It’s lovely to be introducing our second Book Club meeting! We all did so well over the summer, reading Kate Atkinson’s Started Early, Took My Dog despite the blistering British weather (ha!) and I’m dying to see how everyone got on with our next choice, Room by Emma Donoghue.
I chose the book because I thought it would be pretty controversial. Although I found it a really gripping read, I did have a sense of unease throughout the book because it seemed to be capitalising on, and maybe even exploiting, other people’s horrific true experiences. Perhaps this was partly a question of timing, as a couple of recent real-life Room type incidents were fresh in my mind. I realise it would be ridiculous to say books shouldn’t be based on true life events – after all, there are countless stories of love, lust, betrayal, even murder, published every day which closely reflect people’s experiences. I suppose I just felt uneasy as, of course, the story centred on the experience of a child.
One of the most startling things about the book was the way the young mother coped with bringing up an inquisitive, and highly intelligent, child, in such cramped quarters and with so few resources. It made me think of impossible days I’d had with my toddlers, with space all around us, places to go and endless things to do. She seemed to manage phenomenally well and her ingenuity was so impressive. And then, of course, we learn that she has days when she just stays in bed all day, crying or mute, and you see the huge effort that goes into all the other days when she makes herself function for her child’s sake.
The novel was, in a way, a great tribute to the spirit of all mothers, the instinct to protect and cherish a child no matter how awful the circumstances surrounding that child’s conception and upbringing. And then, of course, at the end of the book (without giving too much away) it is when the mother is questioned on whether she was selfish to keep her child with her that she really stares into the abyss.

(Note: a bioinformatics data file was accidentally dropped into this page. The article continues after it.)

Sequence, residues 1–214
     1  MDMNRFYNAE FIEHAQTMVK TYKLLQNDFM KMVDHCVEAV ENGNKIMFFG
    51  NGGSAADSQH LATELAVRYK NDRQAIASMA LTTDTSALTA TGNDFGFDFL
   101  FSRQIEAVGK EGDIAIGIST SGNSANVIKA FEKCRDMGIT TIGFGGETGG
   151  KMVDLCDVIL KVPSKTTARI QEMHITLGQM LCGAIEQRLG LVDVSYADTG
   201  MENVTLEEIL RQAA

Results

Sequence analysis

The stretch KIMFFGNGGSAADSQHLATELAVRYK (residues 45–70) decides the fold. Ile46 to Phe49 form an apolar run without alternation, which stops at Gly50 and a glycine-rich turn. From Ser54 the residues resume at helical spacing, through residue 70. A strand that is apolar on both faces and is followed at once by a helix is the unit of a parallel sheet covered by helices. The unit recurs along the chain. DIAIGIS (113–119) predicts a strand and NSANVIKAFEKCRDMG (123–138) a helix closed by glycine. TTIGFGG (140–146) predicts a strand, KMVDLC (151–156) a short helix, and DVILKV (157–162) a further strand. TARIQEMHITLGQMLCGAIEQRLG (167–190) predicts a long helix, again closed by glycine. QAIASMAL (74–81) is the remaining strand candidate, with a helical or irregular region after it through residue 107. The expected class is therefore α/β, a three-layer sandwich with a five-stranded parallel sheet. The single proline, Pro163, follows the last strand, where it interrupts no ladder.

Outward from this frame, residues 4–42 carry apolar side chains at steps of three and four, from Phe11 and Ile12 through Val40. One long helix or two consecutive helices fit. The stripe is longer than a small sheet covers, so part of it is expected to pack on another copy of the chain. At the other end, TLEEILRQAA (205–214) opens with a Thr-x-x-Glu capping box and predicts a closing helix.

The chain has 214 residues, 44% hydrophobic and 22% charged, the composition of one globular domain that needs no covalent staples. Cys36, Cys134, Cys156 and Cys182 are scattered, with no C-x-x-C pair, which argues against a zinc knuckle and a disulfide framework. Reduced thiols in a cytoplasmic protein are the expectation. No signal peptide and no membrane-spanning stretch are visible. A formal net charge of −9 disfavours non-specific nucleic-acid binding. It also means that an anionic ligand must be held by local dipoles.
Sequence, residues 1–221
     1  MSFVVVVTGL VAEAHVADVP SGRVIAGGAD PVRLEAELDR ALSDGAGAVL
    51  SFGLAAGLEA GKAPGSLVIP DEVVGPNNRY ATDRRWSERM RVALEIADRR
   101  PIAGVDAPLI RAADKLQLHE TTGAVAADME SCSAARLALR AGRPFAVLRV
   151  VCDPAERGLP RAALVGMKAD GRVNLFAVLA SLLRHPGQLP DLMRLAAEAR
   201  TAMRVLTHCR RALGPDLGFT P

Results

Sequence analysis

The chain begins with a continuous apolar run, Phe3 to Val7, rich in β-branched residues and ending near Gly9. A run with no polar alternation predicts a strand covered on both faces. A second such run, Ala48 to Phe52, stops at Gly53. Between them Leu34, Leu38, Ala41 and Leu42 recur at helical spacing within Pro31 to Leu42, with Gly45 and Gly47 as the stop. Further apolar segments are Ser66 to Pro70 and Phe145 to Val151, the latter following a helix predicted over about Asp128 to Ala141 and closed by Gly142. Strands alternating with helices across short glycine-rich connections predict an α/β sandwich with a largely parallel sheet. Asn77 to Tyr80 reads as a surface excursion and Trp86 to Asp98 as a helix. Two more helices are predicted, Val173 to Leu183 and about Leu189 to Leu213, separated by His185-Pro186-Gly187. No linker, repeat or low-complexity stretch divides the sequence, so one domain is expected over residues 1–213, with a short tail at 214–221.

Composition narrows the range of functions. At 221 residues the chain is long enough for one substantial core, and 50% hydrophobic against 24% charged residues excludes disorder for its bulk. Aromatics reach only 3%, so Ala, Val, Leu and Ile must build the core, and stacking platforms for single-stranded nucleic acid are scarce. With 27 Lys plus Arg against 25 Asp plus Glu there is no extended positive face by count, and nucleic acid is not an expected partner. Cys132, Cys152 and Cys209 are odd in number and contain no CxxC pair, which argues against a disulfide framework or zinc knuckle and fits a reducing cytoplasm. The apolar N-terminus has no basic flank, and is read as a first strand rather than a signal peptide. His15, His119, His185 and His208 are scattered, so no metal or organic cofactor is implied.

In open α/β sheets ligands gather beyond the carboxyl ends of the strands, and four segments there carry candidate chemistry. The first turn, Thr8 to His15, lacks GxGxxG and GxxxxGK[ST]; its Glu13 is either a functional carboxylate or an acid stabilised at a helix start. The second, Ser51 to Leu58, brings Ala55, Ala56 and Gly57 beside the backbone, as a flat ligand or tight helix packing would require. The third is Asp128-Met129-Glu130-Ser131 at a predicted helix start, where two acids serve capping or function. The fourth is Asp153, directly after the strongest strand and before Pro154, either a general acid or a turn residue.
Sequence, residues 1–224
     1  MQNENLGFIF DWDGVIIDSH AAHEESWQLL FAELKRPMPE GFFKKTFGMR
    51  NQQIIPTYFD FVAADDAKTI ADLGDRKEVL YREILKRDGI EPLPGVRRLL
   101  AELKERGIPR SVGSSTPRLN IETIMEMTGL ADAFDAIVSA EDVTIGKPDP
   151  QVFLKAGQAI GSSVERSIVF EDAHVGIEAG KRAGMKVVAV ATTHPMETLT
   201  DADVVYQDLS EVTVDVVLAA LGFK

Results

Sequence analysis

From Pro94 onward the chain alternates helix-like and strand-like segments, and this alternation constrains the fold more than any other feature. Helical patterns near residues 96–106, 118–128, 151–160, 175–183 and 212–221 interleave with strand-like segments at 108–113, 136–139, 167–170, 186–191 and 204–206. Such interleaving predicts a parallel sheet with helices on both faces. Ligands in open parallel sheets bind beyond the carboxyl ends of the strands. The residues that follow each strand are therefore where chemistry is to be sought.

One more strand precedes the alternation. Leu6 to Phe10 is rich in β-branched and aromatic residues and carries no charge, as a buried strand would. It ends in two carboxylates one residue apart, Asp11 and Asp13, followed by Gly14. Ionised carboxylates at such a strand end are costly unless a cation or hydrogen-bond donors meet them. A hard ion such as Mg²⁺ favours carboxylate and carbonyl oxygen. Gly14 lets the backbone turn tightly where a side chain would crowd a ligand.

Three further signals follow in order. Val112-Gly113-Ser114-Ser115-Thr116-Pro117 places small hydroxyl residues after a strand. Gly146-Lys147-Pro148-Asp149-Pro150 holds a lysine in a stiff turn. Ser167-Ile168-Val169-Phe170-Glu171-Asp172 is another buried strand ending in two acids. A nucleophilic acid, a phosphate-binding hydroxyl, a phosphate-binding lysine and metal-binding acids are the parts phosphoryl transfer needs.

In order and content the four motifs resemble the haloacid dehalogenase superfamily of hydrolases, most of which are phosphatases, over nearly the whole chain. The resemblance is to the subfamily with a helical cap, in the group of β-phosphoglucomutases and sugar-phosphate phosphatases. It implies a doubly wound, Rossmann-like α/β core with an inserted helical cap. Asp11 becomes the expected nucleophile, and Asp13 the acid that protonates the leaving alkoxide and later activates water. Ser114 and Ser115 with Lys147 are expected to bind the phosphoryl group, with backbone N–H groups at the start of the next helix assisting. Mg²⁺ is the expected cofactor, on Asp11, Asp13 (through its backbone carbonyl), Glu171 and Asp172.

I thought the characterisation was ingenious – the fact that the man seemed grudging about everything he had to do for his strange family suggested he felt just as trapped as any conventional husband, and, in fact, as trapped as his captives. And I admired the way that the author gradually revealed how strange the boy really was, as a result of his incarceration, through the eyes of his grandmother, the hospital staff and the curious public. The boy’s nostalgia for the simple world of the Room, where he had his mother all to himself, was pitiful.
All in all, I thought it was a compelling read, which raised a lot of questions and made me think.
The very lovely Alison from FiveGoBlogging has sent me her review:
Who would want to read about a teenage girl being kidnapped, held captive for years, being repeatedly raped, conceiving, giving birth in an outbuilding and bringing up a child in one single room? Well me apparently!
The book is narrated by the son of the captive girl who describes his adventures and explores his world in a wonderfully innocent and beautiful way. He tells us about his world in such depth and colour that you would not possibly believe that it is just one room.
On occasion, the boys voice wasn’t quite right and didn’t fit a 5 year old. He used some very advanced vocabulary mixed with some niave words that just jarred for me. But having said that, he isn’t a normal 5 year old is he? I much preferred the first half of the book to the second half, finding that it was just too offhand and not really believable. I did lose interest towards the end but the writing was excellent and a novel I would recommend, if only for the first half of the book!
Pop over to Alison’s site Five Go Blogging for a fuller review.
And what did you think? Let me know in the comments or post me your views at alicemcastle (@ ) hotmail (dot) com. Look forward to hearing all about it . Next time, we’ll be reading Alison’s suggestion, The Help by Kathryn Stockett, ahead of the release of the film. You’ll love it!